Floods from Laos dam collapse force evacuations in Cambodia

By AFP   July 26, 2018 | 12:19 am PT
Floods from Laos dam collapse force evacuations in Cambodia
Residents near the collapsed dam have returned to flooded villages to salvage what they can from the debris. Photos by AFP
Thousands of villagers downstream in Cambodia have been forced to flee as the water held back by the dam flowed south.

The torrent of water unleashed in a deadly Laos dam collapse has drained into Cambodia, forcing thousands to be evacuated, as rescuers on Thursday battled monsoon rains to find scores of Laotians still missing after whole villages were washed away.

Twenty-seven people have been confirmed dead, with 131 still missing, after the Xe-Namnoy dam collapsed on Monday in a remote southern corner of Laos, leaving villagers with little time to escape.

It is an unprecedented accident to strike the hydropower industry in Laos, where the Communist government has dammed large sections of its myriad waterways to generate electricity that is mostly consumed by its neighbours.

The search and rescue effort entered a third day Thursday, with China, Vietnam and Thailand sending in specialists, while villagers picked through their wrecked, mud-caked homes for possessions as the flood waters receded.

Carcasses of livestock floated in the knee-deep waters in a devastated village visited by AFP.

Thousands of villagers downstream in Cambodia have also been forced to flee as the water once held back by the dam flowed south.

"Water is still rising, so more people will be evacuated," Men Kong, a government spokesman in Cambodia's Stung Streng province, told AFP.

In Laos, Chinese rescuers in life jackets and helmets joined local soldiers searching for the missing Thursday, according to an AFP reporter at the scene, while community volunteers pitched in with private boats to return to villages still totally submerged.

Residents recalled their terror as water rushed through their homes.

Tran Van Bien, 47, from Ban Mai village close to the ruined dam said he was told to evacuate just two hours before the dam burst on Monday evening, running to a neighbour's house with his family as his home quickly filled with water.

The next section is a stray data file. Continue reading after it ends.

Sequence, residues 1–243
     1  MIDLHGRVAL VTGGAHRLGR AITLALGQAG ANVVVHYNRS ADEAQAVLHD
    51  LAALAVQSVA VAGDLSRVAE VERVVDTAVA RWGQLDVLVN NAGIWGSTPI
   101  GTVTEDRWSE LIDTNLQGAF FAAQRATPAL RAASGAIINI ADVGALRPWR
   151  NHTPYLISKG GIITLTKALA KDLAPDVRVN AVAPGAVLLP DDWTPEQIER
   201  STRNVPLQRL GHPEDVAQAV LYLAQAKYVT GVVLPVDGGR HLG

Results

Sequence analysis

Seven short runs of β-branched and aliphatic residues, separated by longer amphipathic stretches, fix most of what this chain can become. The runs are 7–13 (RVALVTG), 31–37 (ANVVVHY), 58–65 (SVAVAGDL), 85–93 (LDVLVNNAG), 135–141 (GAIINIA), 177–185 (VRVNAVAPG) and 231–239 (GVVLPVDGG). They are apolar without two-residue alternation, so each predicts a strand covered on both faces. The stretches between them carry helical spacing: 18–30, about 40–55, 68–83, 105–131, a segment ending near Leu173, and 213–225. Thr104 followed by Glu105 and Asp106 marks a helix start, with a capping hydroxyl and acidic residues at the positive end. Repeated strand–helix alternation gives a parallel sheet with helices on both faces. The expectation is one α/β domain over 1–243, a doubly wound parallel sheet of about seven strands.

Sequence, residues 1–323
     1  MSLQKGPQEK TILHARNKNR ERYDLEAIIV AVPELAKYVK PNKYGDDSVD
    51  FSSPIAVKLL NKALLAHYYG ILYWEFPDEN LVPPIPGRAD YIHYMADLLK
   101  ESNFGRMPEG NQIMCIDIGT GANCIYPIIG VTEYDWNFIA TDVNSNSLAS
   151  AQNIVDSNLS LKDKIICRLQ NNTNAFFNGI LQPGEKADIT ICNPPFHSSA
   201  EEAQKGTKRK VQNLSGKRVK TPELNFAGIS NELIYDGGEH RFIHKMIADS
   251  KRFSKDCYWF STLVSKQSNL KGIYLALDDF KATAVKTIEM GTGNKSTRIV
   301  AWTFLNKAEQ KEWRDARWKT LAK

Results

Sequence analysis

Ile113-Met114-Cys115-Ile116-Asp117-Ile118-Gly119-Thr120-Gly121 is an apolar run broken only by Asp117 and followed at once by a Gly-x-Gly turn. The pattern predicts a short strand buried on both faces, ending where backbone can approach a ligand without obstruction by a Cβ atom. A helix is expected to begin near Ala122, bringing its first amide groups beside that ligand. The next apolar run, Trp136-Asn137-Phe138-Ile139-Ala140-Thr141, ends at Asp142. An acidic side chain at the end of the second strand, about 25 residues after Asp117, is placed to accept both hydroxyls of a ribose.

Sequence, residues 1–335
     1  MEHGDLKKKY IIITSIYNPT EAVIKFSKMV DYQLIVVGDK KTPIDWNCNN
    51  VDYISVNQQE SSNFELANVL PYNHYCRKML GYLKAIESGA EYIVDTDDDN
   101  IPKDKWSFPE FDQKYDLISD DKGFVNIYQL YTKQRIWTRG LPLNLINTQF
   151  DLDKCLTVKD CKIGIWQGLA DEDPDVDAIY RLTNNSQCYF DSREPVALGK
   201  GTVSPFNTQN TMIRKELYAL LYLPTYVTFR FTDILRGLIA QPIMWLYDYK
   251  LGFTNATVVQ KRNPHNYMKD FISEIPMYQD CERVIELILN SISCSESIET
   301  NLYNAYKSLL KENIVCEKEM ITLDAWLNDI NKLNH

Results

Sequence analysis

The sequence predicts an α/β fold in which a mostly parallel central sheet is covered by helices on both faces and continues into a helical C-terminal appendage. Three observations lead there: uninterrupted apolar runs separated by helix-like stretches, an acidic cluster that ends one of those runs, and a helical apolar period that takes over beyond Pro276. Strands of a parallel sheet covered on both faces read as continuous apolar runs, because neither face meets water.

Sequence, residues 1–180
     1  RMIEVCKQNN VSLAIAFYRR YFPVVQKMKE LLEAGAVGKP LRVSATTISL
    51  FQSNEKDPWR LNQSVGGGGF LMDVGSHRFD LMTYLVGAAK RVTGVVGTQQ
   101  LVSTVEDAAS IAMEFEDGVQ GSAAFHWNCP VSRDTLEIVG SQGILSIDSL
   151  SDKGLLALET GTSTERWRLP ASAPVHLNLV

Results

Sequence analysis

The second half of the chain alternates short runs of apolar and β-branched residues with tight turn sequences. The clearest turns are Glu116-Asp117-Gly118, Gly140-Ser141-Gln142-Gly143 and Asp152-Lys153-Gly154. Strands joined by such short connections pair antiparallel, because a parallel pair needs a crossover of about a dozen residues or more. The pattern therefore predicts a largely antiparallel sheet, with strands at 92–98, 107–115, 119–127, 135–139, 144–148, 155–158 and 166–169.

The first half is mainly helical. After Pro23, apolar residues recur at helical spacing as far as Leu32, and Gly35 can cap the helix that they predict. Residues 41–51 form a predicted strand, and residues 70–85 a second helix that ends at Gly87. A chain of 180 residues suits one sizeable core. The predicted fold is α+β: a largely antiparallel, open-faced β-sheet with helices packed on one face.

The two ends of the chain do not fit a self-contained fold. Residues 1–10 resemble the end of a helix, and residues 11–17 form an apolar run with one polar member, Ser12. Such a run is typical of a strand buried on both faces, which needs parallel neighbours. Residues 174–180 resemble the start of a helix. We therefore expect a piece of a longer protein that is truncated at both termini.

"We were on the roof of that house the whole night, cold and scared. At 4:00 am a wooden boat passed and we decided to send my wife and my kid out," he told AFP from a nearby village where he eventually found dry land.

"My wife tied our child to her body, saying if they died, they would die together rather than being alone."

'Insufficient warning'

The $1.2 billion dollar Xe-Namnoy dam, a joint venture between Laos, Thai and Korean companies, was still under construction in southern Attapeu province when it collapsed after heavy rains pounded the area earlier this week.

Two South Korean companies involved in the project's construction and operation said damage was reported a day before the auxiliary "Saddle D" dam collapsed.

However a timeline from operator Korea Western Power Co. obtained by AFP said 11 centimetres of subsidence was spotted at the dam's centre as early as Friday.

The company told AFP it could not yet determine the cause of the collapse.

"It is too early to define whether it was a natural disaster or a manmade disaster," a spokesman told AFP Thursday.

Southeastern Laos is regularly lashed with monsoon rains, and dam operators release water from reservoirs in order to avoid overflow -- or collapse.

Makeshift ferries have been used to cross swollen rivers in the flash flood zone in southern Laos

Makeshift ferries have been used to cross swollen rivers in the flash flood zone in southern Laos.

The 410 MW Xe-Namnoy project is one of more than 50 hydropower plans underway in Laos, which has billed itself as the "Battery of Asia" in its ambitious bid to become a major power exporter in the region.

It has said it wants to double its power generation capacity to 28,000 MW by 2020 and has opened its doors to foreign investors -- mainly from China, Thailand and Vietnam -- to build dams on its vast river network.

But the projects have come under fire from rights groups who say local communities are forcibly moved and lose key access to river waters for farming and fishing.

"This tragedy has compounded their suffering," International Rivers said in a statement Thursday.

"Communities were not given sufficient advanced warning to ensure their safety and that of their families. This event raises major questions about dam standards and dam safety in Laos."

go to top